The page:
I. Definition. Infection with Neisseria gonorrhoeae (a Gram-negative diplococcus) is a reproductive tract infection that is an important infection in pregnancy because of transmission to the fetus or neonate.
II. Incidence. The prevalence of gonococcus infection among pregnant women is ~1–8 in 1000. If routine ophthalmic prophylaxis was not used, it is estimated that a third of newborn infants born to infected mothers would become infected.
III. Pathophysiology.N. gonorrhoeae primarily affects the endocervical canal of the mother. The infant may become infected during passage through an infected cervical canal or by contact with contaminated amniotic fluid if rupture of membranes has occurred.
IV. Clinical presentations
A. Ophthalmia neonatorum. The most common clinical manifestation is gonococcal ophthalmia neonatorum. This occurs in 1–2% of cases of positive maternal gonococcal infection despite appropriate eye prophylaxis. For a description of this disease, see Chapter 47.
B. Gonococcal arthritis. The onset of gonococcal arthritis can be at any time from 1–4 weeks after delivery. It is secondary to gonococcemia. The source of bacteremia has been attributed to infection of the mouth, nares, and umbilicus. The most common sites are the knees and ankles, but any joint may be affected. The infant may present with mild or moderate symptoms. Drainage of affected joint and antibiotics are necessary.
C. Amniotic infection syndrome occurs when there is premature rupture of membranes, with inflammation of the placenta and umbilical cord. The infant may have clinical evidence of sepsis. This infection is associated with a high infant mortality rate.
D. Sepsis and meningitis.
E. Scalp abscess is usually secondary to intrauterine fetal monitoring.
A. Mother. Endocervical scrapings should be obtained for culture.
2. Culture. Material may be obtained by swabbing the eye or nasopharynx or the orogastric or anorectal areas. Blood should be obtained for culture. Cultures for concomitant infection with Chlamydia trachomatis should also be done. Gonococcal cultures from nonsterile sites (eg, the pharynx, rectum, and vagina) should be done using selective media.
3. Spinal fluid studies. Cell count, protein, culture, Gram stain, and others should be ordered.
VI. Management. Isolation precautions for all infectious diseases, including maternal and neonatal precautions, breast-feeding, and visiting issues, can be found in Appendix F.
A. Hospitalization. Infants with clinical evidence of ophthalmia neonatorum, scalp abscess, or disseminated infection should be hospitalized. Complete sepsis evaluation including lumbar puncture should be performed. Tests for concomitant C. trachomatis, congenital syphilis, and HIV infection should be performed. Results of the maternal tests for hepatitis B surface antigen should be confirmed.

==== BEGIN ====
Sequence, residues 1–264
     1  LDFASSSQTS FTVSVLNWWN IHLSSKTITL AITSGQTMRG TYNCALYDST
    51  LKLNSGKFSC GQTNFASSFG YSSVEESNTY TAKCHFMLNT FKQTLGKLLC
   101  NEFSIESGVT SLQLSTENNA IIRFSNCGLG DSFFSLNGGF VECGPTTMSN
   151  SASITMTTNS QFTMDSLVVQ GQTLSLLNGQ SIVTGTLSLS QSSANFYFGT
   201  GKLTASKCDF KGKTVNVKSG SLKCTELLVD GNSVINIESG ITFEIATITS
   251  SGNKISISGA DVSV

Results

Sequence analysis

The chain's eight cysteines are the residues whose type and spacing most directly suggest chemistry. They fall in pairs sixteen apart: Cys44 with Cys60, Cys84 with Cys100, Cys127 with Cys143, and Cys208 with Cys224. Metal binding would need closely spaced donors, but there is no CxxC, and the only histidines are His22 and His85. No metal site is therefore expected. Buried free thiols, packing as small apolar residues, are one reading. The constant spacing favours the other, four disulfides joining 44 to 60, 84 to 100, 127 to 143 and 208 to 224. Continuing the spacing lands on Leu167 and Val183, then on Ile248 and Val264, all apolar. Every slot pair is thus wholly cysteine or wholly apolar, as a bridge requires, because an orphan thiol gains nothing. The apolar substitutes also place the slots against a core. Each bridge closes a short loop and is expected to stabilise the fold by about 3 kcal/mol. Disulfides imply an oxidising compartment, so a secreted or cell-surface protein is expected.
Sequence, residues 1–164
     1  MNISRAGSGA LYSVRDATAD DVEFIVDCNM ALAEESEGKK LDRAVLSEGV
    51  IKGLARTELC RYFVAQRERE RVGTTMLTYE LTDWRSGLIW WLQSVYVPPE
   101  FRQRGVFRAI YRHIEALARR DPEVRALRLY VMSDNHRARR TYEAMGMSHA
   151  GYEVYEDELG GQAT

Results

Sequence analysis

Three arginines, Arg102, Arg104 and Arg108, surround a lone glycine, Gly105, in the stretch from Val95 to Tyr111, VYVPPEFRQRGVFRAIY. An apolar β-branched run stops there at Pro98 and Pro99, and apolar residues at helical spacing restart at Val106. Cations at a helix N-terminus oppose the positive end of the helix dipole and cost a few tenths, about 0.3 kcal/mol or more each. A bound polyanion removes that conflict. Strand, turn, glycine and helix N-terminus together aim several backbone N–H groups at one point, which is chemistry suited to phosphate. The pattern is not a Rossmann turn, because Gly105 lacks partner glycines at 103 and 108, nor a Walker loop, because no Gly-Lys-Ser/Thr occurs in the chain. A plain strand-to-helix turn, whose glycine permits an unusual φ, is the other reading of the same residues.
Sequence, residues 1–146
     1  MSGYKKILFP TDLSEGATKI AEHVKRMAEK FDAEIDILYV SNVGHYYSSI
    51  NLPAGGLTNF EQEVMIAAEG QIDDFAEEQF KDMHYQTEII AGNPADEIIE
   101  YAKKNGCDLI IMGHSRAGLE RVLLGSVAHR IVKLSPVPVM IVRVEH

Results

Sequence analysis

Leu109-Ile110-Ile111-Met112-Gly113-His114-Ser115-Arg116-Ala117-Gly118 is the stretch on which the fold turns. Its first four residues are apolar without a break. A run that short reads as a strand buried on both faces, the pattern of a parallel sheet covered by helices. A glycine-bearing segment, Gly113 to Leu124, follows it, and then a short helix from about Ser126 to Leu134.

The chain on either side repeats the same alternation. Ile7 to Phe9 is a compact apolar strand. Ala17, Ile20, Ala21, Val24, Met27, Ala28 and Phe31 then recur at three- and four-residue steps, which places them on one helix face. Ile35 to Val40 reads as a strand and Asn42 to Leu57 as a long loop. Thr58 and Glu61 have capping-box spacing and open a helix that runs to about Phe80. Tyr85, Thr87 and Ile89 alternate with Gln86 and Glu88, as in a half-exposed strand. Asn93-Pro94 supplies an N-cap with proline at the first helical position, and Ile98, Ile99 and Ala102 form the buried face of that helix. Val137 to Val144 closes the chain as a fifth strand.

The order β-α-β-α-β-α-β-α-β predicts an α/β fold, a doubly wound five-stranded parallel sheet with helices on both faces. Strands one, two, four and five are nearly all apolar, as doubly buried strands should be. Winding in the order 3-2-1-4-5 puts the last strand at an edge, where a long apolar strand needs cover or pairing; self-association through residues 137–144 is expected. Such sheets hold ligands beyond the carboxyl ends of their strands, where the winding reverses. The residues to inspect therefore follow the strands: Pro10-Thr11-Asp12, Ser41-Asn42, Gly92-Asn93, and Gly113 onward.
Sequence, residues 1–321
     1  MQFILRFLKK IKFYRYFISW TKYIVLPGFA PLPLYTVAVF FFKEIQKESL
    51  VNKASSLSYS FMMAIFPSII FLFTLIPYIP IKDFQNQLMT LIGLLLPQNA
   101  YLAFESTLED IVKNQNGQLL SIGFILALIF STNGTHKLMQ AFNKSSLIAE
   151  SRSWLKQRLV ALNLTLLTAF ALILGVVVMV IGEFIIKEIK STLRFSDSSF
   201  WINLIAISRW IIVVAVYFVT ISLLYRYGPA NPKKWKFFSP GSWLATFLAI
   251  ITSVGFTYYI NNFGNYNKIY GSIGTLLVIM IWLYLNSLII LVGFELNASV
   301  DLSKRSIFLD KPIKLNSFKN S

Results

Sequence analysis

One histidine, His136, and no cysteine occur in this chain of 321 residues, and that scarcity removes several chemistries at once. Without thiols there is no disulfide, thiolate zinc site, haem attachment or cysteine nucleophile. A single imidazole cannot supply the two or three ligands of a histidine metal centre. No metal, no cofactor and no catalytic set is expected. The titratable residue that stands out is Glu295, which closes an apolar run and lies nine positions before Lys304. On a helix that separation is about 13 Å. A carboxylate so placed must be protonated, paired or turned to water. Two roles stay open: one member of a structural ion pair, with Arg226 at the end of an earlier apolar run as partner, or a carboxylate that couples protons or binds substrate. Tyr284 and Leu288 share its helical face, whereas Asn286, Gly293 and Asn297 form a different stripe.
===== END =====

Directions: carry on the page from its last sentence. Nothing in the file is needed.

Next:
B. Antibiotic therapy
1. Maternal infection. Most infants born to mothers with gonococcal infection do not experience infection; however, because there have been some reported cases, it is recommended that full-term infants receive a single injection of ceftriaxone (125 mg intravenously [IV] or intramuscularly [IM]) and that premature infants receive 25–50 mg/kg (maximum, 125 mg).
Log In to View More
If you don't have a subscription, please view our individual subscription options below to find out how you can gain access to this content.
Want remote access to your institution's subscription?
Sign in to your MyAccess profile while you are actively authenticated on this site via your institution (you will be able to verify this by looking at the top right corner of the screen - if you see your institution's name, you are authenticated). Once logged in to your MyAccess profile, you will be able to access your institution's subscription for 90 days from any location. You must be logged in while authenticated at least once every 90 days to maintain this remote access.
If your institution subscribes to this resource, and you don't have a MyAccess profile, please contact your library's reference desk for information on how to gain access to this resource from off-campus.
AccessPediatrics Full Site: One-Year Subscription
Connect to the full suite of AccessPediatrics content and resources including 20+ textbooks such as Rudolph’s Pediatrics and The Pediatric Practice series, high-quality procedural videos, images, and animations, interactive board review, an integrated pediatric drug database, and more.
Pay Per View: Timed Access to all of AccessPediatrics
24 Hour Subscription $34.95
48 Hour Subscription $54.95
Pop-up div Successfully Displayed
This div only appears when the trigger link is hovered over.
Otherwise it is hidden from view.